First time using Belgian ale yeast

Discussion in 'Grain, Hops, Yeast & Water' started by samale, May 16, 2019.

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  1. May 16, 2019 #1

    samale

    samale

    samale

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    I have been brewing a fair bit of time. First time trying a Belgian ale yeast. It was cml. I went for a recipe with what I had
    4kg base malt
    500g cara-munich 1
    50g sladek flameout
    50 sladek dry hop after 5 days

    I am struggling with the taste. It's only two weeks in the bottle it's just not what I am used to. What should I get from a Belgian yeast flavour wise.
     
  2. May 16, 2019 #2

    Cwrw666

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    I'm about half way through drinking my first attempt at Greg Hughes Belgian Witbier. Not to my taste either, so I bought a bottle of that Blue Moon stuff from Tescos to see how it should taste. Almost exactly the same. Don't think I'll be making this stuff again.
    Yeast : fermentis wb-06.
    Just tastes of bananas...
     
  3. May 16, 2019 #3

    Oneflewover

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    This probably isn't very helpful, but its a bit like asking what should I get from English yeast taste-wise. There is such variation and then it depends upon temperature, pitching rate etc.
     
  4. May 16, 2019 #4

    Alex.mc

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    especially if it's higher in ABV..... Belgians often short age quite well. Duvel ages 90 days straight off the bat.
    I did one recently and fresh it's bananas all the way! But I like that so it's no problem for me. A month down the line though and the banana aspect has muted somewhat, and is a bit less "in yer face!"
    Stick them in the cellar and try one in a month.
     
  5. May 16, 2019 #5

    prog99

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    This may seem like a particularly daft question but what were you expecting, have you tried many belgium ales?
    I've used cml belgium and thought it was right on the mark.
     
  6. May 16, 2019 #6

    MickDundee

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    Isn’t WB-06 a German Hefeweizen yeast rather than a Belgian Witbier yeast? T-58 is the Fermentis Witbier yeast IIRC.
     
  7. May 16, 2019 #7

    samale

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    Your spot on I didn't have an expectation. It was a try it and see what happens. First time trying a yeast that wasn't S04,05 or cml real ale yeast. It's definitely different. And your right I have nothing really to compare it to. Think this might sit a while.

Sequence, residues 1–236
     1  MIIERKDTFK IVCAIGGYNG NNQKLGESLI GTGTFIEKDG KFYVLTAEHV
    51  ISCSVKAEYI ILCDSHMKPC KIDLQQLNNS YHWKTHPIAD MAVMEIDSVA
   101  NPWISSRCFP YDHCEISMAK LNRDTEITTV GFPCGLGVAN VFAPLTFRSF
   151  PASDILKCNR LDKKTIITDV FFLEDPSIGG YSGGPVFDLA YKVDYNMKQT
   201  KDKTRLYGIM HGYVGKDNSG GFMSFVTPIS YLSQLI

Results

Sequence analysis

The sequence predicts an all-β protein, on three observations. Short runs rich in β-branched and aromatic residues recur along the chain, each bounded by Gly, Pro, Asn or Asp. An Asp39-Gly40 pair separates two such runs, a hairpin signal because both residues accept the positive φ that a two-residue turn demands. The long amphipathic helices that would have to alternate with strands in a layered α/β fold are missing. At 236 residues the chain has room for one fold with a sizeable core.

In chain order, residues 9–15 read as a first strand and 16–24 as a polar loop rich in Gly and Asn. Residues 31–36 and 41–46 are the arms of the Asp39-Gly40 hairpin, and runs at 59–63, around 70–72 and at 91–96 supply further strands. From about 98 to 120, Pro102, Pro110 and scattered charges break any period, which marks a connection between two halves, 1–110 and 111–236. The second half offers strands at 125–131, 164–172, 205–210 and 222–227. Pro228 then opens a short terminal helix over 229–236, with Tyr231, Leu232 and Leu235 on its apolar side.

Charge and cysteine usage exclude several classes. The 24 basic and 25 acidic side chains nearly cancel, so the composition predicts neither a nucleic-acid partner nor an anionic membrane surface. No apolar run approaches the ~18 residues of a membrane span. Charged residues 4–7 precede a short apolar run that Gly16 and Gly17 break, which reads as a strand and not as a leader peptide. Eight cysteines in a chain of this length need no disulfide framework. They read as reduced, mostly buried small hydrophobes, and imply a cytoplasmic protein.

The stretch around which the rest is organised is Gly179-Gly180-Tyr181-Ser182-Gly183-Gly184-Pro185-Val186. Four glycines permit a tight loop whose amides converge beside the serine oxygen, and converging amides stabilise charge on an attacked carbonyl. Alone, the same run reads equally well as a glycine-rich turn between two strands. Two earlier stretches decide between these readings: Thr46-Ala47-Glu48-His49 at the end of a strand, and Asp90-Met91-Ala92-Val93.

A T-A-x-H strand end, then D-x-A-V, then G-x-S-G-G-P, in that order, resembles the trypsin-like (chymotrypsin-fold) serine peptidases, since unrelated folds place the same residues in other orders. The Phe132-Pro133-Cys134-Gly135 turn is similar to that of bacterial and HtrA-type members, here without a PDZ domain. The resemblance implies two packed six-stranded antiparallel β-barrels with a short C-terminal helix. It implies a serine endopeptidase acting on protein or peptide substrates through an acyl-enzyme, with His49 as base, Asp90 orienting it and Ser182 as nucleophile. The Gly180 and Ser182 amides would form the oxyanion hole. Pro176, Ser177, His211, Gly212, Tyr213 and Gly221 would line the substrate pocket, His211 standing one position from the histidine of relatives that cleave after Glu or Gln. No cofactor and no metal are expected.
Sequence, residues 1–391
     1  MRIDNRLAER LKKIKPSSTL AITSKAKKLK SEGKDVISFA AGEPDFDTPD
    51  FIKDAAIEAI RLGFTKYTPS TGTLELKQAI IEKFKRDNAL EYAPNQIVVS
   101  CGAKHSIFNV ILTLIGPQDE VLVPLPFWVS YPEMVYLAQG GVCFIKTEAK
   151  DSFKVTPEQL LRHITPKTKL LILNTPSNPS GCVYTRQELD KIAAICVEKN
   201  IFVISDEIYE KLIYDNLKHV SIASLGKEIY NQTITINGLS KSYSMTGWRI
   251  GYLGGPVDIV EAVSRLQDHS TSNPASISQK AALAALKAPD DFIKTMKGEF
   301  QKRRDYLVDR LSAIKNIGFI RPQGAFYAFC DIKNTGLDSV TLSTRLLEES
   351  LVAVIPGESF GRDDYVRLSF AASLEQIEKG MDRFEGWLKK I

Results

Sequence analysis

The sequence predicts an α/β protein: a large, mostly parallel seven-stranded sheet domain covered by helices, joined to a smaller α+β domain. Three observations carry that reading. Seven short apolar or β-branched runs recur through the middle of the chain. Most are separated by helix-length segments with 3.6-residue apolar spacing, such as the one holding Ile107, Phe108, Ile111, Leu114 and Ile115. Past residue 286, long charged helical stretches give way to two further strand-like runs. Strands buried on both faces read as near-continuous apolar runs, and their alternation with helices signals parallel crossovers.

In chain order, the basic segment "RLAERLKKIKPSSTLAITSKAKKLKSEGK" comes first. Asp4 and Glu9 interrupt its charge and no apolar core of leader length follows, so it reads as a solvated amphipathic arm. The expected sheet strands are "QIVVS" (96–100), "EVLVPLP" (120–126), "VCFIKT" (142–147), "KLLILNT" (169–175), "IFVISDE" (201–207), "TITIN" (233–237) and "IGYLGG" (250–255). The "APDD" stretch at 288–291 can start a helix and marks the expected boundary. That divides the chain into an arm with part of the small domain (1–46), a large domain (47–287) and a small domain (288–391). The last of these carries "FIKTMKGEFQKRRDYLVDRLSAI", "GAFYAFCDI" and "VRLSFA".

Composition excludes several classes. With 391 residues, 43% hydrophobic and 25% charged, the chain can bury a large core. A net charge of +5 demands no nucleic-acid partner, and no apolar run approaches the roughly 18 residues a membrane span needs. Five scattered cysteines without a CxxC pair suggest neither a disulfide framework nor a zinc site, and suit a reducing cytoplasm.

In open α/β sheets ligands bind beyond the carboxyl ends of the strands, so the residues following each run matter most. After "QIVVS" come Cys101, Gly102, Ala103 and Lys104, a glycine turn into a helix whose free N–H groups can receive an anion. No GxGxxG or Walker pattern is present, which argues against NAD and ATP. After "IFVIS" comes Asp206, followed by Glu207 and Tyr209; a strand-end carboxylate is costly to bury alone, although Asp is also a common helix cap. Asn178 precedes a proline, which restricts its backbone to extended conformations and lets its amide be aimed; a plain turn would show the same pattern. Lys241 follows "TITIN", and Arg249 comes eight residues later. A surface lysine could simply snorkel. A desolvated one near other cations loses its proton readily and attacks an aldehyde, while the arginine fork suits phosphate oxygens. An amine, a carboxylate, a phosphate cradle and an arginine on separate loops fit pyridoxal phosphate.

8. May 16, 2019 #8

    Cwrw666

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    GH gives Wyeast 3944 in the recipe, but also WB-06 in the yeast pages as an alternative. As it's a dry yeast I went with that.
     
  9. May 16, 2019 #9

    Ajhutch

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    I’m surprised that is offered up as an alternative. 3944 is a Witbier yeast, WB06 is a German hefeweizen yeast. That’s a bit like suggesting chicken as a substitute for lamb in a curry recipe. Banana flavours shouldn’t be anywhere near a witbier or any type of Belgian ale to my mind. MJ do a specific dry yeast for Witbier.
     
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  10. May 16, 2019 #10

    Ajhutch

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    To attempt to answer the OP’s question about Belgian yeast character, you might expect some level of fruity esters which may be pome, citrus or stone fruit in a pale beer or more red fruit in a darker beer. The other very typical Belgian flavour is a sort of spicy character which is derived from phenols. Westmalle Dubbel and Duvel are respectively good examples of a darker and a pale Belgian beer available in most supermarkets, to give you an idea of whether what you’ve brewed is in line with the norm.
     
  11. May 16, 2019 #11

    darrellm

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    It's worth doing what Cwrw did, get a bottle of a commercial witbier and try that to compare it with. I do like the style and did make the GH Belgian Wit myself recently, but if you haven't tried the style before it will taste a bit different. I'm rubbish at beer descriptions but I'd describe it as slightly tart/sour, certainly not sweet.

    I was in Belgium at Xmas and had a bottle of Gruut Witbier, after a couple of nice malty Dubbels and Triples it was quite a shock, but nice once I got used to it.
     
  12. May 16, 2019 #12

    the_quick

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    The OP didn't mention Witbier at all, no trace of wheat malts in ingredients either. Bit idea with buying similar beer and compare is spot on.
    I will be brewing clone of Brudge Zot next weekend, it calls for orange peel and coriander seeds. I defo could taste those in the original.
     

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